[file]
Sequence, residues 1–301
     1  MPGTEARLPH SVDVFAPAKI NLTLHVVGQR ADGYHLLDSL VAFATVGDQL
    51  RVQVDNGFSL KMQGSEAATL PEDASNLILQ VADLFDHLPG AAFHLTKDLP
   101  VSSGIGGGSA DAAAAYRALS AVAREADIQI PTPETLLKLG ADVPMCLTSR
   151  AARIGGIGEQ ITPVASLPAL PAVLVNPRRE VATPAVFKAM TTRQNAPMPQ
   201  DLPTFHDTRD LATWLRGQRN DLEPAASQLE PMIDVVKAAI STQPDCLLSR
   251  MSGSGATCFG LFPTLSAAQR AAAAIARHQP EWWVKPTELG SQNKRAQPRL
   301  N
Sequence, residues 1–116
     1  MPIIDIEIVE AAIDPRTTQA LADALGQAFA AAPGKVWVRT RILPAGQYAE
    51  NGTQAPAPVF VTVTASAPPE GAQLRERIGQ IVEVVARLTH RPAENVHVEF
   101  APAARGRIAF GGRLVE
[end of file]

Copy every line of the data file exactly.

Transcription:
Sequence, residues 1–301
     1  MPGTEARLPH SVDVFAPAKI NLTLHVVGQR ADGYHLLDSL VAFATVGDQL
    51  RVQVDNGFSL KMQGSEAATL PEDASNLILQ VADLFDHLPG AAFHLTKDLP
   101  VSSGIGGGSA DAAAAYRALS AVAREADIQI PTPETLLKLG ADVPMCLTSR
   151  AARIGGIGEQ ITPVASLPAL PAVLVNPRRE VATPAVFKAM TTRQNAPMPQ
   201  DLPTFHDTRD LATWLRGQRN DLEPAASQLE PMIDVVKAAI STQPDCLLSR
   251  MSGSGATCFG LFPTLSAAQR AAAAIARHQP EWWVKPTELG SQNKRAQPRL
   301  N
Sequence, residues 1–116
     1  MPIIDIEIVE AAIDPRTTQA LADALGQAFA AAPGKVWVRT RILPAGQYAE
    51  NGTQAPAPVF VTVTASAPPE GAQLRERIGQ IVEVVARLTH RPAENVHVEF
   101  APAARGRIAF GGRLVE